The battery storage market is really getting exciting now around the world. Australian Finn Peacock’s Battery Comparison Table shows just how many battery storage options there are now. We love the Australian solar market, as it is one of the world leaders, with over 2 million homes now having rooftop solar. A Canberra-based lithium-ion battery test centre regularly releases reports on its independent tests on a lot of these battery options.
Demand for these batteries is growing nicely across the world as prices come down, but you still can’t get a lot of these batteries in most parts of the world, and where you can, the lead times for deliveries are still quite long for some of these brands. This is why several South African startups took up this challenge and started to assemble their own battery packs to cater for a large untapped South African and Sub Saharan African market.
One of these startups is Blue Nova, based in Somerset West (Cape Town). Blue Nova recently launched the Megaboy 1 MWh storage product for large commercial and industrial applications, which we covered here. Blue Nova has just launched a 5.2 kWh modular rack mounted battery as well. Blue Nova uses lithium-iron-yttrium-phosphate (LiFeYPO4) prismatic cells from Chinese manufacturers like Winston (Thundersky). These are then assembled into battery packs in South Africa.
This rack-mounted form factor is pretty popular with installers in this part of the world, as it allows a great deal of flexibility in terms of both system sizing and pricing. These types of batteries are also easy to set up with some popular inverters in this market, such as the All-in-One Phocos Any Grid 5 kW 48V inverter, which retails for under $1000*.
Blue Nova is targeting homes, small businesses, hospital facilities, and data centres with this 5.2 kWh RacPower. Each BN52V-100-5.2k DU unit, as it is called, can deliver 3.5 kW of continuous power. Blue Nova says it can do 2500 cycles at 80% DoD and 9 units can be parallel for a total of 46.8 kWh.
For homes and small offices, local installers really love these modular packs, as they can tailor the PV and inverter side of things for their sites along with one or more of these RacPower batteries according to the customers’ needs and budgets. With this design, Blue Nova is ramping up the competition for established brands that have been promoting similar packs such as the 3.5 kWh Pylontech, which costs $1, 450.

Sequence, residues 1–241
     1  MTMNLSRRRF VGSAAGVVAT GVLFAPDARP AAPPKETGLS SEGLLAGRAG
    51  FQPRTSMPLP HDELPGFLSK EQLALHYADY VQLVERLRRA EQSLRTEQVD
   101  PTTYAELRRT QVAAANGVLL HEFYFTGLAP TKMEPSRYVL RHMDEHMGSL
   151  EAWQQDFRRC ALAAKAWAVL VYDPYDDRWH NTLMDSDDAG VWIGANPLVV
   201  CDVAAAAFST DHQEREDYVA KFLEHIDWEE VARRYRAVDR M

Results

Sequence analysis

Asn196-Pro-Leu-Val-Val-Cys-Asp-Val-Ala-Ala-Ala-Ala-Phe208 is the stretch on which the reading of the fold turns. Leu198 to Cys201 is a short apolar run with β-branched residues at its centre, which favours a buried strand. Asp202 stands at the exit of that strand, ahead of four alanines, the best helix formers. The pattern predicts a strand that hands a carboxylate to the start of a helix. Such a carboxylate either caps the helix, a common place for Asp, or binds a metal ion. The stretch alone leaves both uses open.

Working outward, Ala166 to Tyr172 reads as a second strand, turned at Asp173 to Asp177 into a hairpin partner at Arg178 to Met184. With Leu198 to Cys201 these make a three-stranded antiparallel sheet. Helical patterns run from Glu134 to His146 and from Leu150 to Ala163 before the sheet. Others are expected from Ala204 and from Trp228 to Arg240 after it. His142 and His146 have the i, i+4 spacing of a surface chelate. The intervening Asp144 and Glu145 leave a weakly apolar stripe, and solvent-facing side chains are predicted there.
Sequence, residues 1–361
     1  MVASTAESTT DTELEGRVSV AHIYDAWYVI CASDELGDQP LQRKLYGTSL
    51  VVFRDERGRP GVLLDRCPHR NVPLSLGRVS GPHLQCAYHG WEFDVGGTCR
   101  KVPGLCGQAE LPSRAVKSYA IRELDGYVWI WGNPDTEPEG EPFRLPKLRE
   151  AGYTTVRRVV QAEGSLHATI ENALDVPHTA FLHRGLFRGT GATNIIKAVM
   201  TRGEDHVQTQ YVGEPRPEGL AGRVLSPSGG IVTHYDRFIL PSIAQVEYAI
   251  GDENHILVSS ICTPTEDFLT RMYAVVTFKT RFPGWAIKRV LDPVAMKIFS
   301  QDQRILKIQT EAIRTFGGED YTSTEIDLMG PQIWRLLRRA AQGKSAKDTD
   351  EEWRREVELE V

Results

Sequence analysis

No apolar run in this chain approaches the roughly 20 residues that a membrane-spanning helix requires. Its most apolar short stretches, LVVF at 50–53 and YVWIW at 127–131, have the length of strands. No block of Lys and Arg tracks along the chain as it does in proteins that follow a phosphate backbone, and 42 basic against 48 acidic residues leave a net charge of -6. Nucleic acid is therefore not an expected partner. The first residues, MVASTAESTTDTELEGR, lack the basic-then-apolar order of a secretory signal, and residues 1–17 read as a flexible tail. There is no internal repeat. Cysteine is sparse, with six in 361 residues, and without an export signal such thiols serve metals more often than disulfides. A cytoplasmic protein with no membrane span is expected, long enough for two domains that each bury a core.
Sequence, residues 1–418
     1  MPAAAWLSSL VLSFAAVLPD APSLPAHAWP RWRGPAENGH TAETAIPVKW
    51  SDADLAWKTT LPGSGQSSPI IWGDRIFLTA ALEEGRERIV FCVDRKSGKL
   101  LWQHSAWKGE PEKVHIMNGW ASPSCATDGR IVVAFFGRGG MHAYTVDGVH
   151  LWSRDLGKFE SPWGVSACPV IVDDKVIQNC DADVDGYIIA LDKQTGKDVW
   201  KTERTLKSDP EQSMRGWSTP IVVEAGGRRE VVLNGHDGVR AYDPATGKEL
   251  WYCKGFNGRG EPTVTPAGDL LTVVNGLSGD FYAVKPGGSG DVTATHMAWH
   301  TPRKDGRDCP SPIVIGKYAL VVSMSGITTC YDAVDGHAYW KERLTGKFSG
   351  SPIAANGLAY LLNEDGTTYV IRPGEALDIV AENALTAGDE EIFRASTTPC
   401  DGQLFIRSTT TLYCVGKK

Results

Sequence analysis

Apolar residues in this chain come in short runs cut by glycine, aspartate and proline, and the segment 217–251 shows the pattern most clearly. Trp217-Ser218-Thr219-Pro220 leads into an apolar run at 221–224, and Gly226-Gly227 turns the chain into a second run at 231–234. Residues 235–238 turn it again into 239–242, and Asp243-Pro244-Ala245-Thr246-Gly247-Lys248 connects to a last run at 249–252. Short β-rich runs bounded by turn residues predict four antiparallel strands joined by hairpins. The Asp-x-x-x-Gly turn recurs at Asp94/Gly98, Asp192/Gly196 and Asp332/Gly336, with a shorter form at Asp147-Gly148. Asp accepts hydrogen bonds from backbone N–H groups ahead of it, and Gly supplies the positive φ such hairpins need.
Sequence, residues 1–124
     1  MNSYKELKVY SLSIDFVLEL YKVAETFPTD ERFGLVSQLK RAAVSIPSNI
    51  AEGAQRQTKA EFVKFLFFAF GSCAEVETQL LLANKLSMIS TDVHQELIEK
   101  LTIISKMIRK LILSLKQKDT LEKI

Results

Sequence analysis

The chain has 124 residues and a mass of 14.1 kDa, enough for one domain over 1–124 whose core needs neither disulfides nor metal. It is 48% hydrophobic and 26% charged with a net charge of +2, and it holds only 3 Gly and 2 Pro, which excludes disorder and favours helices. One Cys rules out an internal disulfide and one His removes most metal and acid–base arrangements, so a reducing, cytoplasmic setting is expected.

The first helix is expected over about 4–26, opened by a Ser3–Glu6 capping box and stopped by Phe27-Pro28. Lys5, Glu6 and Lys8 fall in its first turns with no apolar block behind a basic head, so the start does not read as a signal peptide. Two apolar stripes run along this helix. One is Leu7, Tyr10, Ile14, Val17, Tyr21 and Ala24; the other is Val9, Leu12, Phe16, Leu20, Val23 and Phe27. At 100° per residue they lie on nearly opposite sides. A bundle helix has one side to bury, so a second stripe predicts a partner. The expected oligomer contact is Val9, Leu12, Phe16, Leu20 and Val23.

These modular units tend to retail for around $2200* for the 5.2 kWh packs depending on the market. Four of these for around $8800*, and giving 20.8 kWh is a pretty good deal in today’s market, especially when you can add a 5 kW all-in-one inverter for about an extra $1000*.
South Africa has been experiencing some rolling power rationing cycles as the power utility struggles to meet demand. Its regional peers Zimbabwe and Zambia are also struggling. Power cuts in Zimbabwe can go on for as long as 18 hours a day!
Blue Nova regularly hosts installer and distributer training sessions with partners across Southern Africa. By ensuring a strong local support network for installations and maintenance, along with ensuring the availability of parts locally and shorter lead times as compared to similar products imported from overseas, Blue Nova hopes to have a head start and an edge over international OEMs.
A lot of work is going on in the energy storage space to explore several options to reduce the cost of energy storage. The transition to renewable energy is certainly going to emancipate many previously disadvantaged and off-grid communities.
Developments in the energy storage industry at every scale are going to be a key driver. With demand for stationary storage products growing across the world, we hope Blue Nova can scale up quickly and maybe also start to export their products, such as the BN52V-100-5.2k DU, to other continents. This would create much needed job opportunities in South Africa as well as earn the country some more foreign currency.
Images by Remeredzai Kuhudzai
*All prices in USD
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